The Buffalo Bills opted out of the new NFL policy that allows the lifting of television blackouts if at least 85 percent of seats are sold. Here’s why this strategy bad for business.

The Buffalo Bills opted out of the new NFL policy that allows the lifting of television blackouts if at least 85 percent of seats are sold.  Here are five reasons why this strategy bad for business.

FLAW 1 – The blackout does not increase ticket sales.

Nine top sports economists wrote in their February filing with the FCC that “Blackouts have no significant effect on ticket sales in the NFL.”  Makes sense. Dropping the team from TV in local broadcast doesn’t suddenly turn a sucky team into a good one, and it doesn’t make the weather comfortable or magically package the entire game experience into 3 efficient hours.

FLAW 2–“Stadium fans” and “TV fans” are NOT the same people.


This guy will be at the game.

If you compare the experience of attending a Bills game in person, to watching a Bills game on TV, you might as well be talking about two different sports.

In person, you’re in for a day-long party and become part of the collective stadium energy.  You play a role in the game, but you can barely see what’s really happening on the field.  On TV, you’re headlong into gameplay intricacies and replays.  You can see every detail, but are detached from the fan frenzy.

Both experiences have their own merits, but taking the broadcast away from one who prefers the TV version of football will hardly-ever turn that person into a stadium goer.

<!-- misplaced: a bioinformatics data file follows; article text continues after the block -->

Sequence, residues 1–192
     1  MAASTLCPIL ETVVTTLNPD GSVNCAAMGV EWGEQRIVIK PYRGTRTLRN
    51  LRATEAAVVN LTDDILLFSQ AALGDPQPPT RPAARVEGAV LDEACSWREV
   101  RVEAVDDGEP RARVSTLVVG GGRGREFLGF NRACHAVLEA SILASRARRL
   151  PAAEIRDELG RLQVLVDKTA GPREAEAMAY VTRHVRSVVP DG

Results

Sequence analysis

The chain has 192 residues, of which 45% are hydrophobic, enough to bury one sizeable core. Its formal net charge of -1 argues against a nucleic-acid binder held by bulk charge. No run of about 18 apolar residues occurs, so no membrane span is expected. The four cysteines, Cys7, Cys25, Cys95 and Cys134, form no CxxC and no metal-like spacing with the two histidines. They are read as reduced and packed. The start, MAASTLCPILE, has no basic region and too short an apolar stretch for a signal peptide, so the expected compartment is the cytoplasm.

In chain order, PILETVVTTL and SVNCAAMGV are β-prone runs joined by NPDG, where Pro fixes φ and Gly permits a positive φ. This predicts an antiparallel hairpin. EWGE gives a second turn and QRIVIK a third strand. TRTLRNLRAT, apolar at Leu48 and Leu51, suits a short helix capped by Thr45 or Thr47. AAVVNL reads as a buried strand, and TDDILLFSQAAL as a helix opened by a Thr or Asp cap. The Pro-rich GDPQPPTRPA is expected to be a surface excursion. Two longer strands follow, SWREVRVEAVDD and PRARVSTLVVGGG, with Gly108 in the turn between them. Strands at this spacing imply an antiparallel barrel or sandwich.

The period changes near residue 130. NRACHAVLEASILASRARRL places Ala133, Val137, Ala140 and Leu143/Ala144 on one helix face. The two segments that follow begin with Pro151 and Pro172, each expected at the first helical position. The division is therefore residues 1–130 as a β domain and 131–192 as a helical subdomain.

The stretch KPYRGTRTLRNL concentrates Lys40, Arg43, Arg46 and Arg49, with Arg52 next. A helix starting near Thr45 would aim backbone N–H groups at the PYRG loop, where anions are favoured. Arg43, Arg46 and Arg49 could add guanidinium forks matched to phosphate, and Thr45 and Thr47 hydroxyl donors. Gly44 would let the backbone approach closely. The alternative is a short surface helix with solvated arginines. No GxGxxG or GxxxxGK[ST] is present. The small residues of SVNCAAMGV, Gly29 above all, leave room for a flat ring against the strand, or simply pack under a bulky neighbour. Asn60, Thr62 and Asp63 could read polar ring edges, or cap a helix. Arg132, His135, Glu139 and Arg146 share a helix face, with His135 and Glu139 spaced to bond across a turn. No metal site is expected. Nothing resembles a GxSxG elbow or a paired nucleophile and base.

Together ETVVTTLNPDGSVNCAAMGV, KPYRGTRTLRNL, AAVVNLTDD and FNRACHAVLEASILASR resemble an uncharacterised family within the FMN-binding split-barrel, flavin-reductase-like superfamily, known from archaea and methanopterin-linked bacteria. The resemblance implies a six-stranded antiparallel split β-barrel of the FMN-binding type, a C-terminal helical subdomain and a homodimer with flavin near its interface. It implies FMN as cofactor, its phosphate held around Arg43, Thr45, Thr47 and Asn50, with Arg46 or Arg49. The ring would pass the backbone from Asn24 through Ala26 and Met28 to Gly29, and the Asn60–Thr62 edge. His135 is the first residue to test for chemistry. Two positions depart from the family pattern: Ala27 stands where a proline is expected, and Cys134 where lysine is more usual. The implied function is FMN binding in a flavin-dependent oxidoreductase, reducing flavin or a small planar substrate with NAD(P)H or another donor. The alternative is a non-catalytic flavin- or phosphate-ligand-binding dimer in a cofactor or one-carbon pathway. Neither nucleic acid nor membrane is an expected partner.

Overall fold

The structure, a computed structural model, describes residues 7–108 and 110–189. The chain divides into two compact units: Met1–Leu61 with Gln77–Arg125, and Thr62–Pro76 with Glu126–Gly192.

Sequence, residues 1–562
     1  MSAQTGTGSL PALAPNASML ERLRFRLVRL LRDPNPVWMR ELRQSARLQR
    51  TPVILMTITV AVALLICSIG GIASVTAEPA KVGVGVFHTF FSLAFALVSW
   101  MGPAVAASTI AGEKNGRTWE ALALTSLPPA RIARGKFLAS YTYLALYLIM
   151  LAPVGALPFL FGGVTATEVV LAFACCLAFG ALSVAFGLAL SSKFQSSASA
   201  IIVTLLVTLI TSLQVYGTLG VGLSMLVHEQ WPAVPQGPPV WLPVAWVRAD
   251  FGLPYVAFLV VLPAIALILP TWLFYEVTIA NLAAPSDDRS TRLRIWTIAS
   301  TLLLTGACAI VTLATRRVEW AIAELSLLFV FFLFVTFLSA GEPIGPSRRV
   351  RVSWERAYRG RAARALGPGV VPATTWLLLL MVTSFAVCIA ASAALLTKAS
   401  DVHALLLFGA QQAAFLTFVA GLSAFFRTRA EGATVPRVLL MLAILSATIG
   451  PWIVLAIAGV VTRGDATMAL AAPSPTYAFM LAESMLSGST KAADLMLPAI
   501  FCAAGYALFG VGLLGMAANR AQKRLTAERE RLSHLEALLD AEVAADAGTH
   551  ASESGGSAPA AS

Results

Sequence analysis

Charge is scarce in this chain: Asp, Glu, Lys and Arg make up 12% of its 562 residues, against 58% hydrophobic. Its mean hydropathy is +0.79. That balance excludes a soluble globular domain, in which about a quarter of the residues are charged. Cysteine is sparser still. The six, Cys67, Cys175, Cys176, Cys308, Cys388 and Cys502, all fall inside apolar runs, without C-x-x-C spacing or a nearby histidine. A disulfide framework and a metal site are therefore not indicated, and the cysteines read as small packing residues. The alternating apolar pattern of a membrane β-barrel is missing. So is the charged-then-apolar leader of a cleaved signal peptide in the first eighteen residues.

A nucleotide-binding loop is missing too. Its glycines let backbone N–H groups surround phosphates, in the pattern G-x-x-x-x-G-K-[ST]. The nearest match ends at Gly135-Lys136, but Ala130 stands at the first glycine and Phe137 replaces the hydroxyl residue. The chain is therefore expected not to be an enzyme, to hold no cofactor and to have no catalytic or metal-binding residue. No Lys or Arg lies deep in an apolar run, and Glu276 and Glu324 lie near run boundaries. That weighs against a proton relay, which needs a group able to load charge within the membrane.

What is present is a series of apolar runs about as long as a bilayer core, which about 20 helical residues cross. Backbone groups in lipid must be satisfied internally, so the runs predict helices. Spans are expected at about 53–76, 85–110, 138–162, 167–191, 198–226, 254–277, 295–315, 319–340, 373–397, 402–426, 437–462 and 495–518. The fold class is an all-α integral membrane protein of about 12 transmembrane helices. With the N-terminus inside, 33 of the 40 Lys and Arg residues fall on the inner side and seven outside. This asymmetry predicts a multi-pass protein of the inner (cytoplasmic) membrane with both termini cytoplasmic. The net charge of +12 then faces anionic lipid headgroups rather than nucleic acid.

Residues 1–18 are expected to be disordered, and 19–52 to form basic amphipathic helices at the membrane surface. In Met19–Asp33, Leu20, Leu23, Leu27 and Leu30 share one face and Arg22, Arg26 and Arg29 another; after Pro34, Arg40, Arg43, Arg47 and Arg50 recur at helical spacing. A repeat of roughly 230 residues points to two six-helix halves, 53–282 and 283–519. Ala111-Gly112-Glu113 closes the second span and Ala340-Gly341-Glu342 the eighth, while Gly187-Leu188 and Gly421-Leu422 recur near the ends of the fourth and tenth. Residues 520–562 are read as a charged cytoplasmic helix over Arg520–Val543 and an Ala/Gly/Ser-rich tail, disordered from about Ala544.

FLAW 3 – The blackout does not suddenly improve the stadium experience.

NFL ticket sales are declining league-wide because the stadium experience is generally awful for the average level-headed human being. Restricting access to an unpopular product doesn’t make the product any better, it just punishes one group of customers because another group has recognized that your product is inferior.

FLAW 4 – The blackout does not make me a more engaged Bills fan.

In fact, it pisses me off.  It reminds me of the fact that the team blackmails taxpayers into forking over money to an obscenely profitable business.  And it seems to conclude that the best way to re-engage me with a product is to hide it from me.

Late last year, I think I heard a rumor that C.J. Spiller might not be a total bust of a first round draft pick.  Apparently, Spiller had impressive games against Tennessee, Miami, and Denver, but you know what? I didn’t see ANY OF IT because the games were blacked-out.

FLAW 5 – Selling tickets is no longer the best way to increase revenue.

The NFL makes the majority of its money through TV revenues and empty stadiums look awful on TV.  If you want to show a packed stadium on TV, lower the ticket prices or give them away until the stadium is filled.  With a full house for the cameras and another 2.3 million regional viewers tuned in, everybody wins.



  1. Wow, huge error, ever hear of the all 22 game film? TV coverage is pretty bad – You have to be there to see the full field – On TV you cant tell what half the players are doing – Just a close up on the QB

  2. Look what people dont understand is ANYTIME THE STADIUM IS WITHIN 15% of selling out the BILLS and the local TV NETWORK IT IS TOO BE ON will buy up the tickets anyway….The rule doesnt lift Blackouts on games 30% empty just 15%…This is much ado about nothing

  3. Pingback: Web Rumblings: Buffalo Bills News, 7/18 | Sports News from Duseyworld

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